Sunday, August 17, 2008

Good News for People Who Like Bad News

Tragedy has befallen The Black Cat Brewery. No no, Oscar the brewery cat is fine, but an alteration to my brewing technique, in an attempt to optimise the brew day, has ruined two batches of beer. I should have known better because hot wort really doesn't like to be aerated. I was all too aware of this but thought I was gentle enough with the swifter transfer of the wort in order to speed up the run off from the mash tun. The upshot is 50 litres of beer with a particularly unpleasant flavour, that my beer suffered from in earlier years, but I managed to eradicate. It is a peculiar flavour that I can't stomach, but other home brew chums of mine seem to be unable to taste it. The only positive I can take from it is the identification of the source of an off flavour, and it is always nice to figure out where particular flavours, good or bad, come from.

4 comments:

Boak said...

What does it taste like, if you can describe?

We're having the occasional problem with some of our batches, where we have an off-flavour that tastes a bit like marmite. I've had it in a lot of commercially-available microbrewed British beer too - so perhaps it doesn't taste weird to other people?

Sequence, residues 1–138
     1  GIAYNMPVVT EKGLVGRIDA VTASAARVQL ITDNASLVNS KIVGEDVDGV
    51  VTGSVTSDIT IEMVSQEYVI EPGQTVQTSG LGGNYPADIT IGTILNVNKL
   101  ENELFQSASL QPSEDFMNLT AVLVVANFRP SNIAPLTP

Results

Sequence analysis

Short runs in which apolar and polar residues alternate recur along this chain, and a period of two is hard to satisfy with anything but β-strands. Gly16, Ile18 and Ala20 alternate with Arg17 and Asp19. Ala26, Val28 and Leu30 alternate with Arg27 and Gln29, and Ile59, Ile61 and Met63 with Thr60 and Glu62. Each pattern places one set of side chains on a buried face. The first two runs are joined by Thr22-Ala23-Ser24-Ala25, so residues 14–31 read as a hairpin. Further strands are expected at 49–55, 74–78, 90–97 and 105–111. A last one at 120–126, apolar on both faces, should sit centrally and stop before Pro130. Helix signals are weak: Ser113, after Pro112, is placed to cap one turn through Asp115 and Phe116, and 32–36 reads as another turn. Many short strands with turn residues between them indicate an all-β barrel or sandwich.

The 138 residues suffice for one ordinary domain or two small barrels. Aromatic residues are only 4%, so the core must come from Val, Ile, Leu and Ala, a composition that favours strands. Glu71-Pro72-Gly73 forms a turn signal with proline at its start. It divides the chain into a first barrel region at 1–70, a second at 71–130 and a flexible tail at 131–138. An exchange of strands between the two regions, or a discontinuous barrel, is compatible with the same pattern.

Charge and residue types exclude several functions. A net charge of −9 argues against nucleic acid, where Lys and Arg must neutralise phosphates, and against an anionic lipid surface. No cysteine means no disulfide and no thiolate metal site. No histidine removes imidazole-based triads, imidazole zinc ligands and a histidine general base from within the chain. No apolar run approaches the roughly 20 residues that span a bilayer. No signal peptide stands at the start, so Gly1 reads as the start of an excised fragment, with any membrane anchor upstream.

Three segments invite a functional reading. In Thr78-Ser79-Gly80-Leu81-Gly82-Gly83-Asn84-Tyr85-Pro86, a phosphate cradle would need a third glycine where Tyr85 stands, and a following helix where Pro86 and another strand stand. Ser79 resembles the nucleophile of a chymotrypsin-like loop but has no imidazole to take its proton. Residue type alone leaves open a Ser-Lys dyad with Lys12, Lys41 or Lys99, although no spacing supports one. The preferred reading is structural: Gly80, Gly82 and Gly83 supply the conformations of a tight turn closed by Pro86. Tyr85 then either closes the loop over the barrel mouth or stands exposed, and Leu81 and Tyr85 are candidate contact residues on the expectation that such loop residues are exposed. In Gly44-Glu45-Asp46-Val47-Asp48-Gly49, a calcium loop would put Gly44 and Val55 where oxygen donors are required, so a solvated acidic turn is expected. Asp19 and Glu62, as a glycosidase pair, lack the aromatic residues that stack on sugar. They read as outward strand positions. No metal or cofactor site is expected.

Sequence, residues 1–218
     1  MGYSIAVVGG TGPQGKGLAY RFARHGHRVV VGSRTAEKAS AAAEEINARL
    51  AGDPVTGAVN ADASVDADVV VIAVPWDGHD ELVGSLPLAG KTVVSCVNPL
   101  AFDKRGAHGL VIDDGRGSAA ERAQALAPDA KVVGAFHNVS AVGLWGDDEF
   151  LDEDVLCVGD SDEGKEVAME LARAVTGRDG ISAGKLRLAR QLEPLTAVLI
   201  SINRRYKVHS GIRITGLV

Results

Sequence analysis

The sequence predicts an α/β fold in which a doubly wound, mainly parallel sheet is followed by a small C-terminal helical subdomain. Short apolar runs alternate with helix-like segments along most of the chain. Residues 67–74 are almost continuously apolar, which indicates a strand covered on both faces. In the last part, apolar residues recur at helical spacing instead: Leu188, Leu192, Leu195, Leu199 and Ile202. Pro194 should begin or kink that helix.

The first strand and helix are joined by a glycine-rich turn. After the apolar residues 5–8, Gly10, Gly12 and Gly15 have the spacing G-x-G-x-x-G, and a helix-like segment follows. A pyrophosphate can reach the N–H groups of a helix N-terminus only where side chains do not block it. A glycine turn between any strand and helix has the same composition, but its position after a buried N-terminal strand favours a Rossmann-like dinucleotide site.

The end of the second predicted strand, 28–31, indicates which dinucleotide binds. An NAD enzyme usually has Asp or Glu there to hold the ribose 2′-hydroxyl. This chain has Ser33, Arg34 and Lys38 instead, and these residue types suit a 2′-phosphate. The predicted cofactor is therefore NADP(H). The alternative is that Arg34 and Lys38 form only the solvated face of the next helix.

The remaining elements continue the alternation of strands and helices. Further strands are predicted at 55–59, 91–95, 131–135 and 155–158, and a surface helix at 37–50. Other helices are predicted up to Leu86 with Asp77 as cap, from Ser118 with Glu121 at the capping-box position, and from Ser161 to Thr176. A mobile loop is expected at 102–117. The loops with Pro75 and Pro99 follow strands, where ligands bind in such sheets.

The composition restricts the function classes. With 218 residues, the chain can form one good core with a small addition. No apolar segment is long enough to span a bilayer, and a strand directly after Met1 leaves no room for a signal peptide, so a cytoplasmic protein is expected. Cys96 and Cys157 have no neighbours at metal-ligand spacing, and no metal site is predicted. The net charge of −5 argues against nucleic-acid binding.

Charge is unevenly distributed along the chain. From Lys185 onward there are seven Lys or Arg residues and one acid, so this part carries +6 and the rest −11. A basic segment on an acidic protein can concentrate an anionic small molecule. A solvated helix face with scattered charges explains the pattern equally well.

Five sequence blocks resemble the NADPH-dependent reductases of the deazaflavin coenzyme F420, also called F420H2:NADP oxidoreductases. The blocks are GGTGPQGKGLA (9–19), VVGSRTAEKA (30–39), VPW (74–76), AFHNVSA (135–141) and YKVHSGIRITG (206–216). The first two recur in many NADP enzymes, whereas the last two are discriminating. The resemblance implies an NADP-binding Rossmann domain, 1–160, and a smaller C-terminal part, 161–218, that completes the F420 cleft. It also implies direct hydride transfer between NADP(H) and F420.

Anyway, we're trying to work out what causes it.

Thom said...

I can't really describe it, and have always had trouble doing so to other brewers. I have tasted it once or twice from commercial beer, and can only pin it down to oxidation of some sort.

The classic oxidation taint is a cardboard flavour caused by the production of trans-2-nonenal from lipids, but I'm not sure this is the same thing.

I can easily enough avoid it by going back to my previous method and not splash the wort about.

Marmite is made from yeast extract so perhaps this flavour isn't too strange a thing to find in some beer.

Boak said...

Well, indeed -- might try making my own marmite one day...

I find that there are good marmite flavours and bad. I often get hints of it in dark beers which can work well with roasty-smokiness. But you can have too much of it.

Given that marmite is yeast extract plus salt, could it be that there's salt (or similar minerals) coming through? Time for that water analysis...

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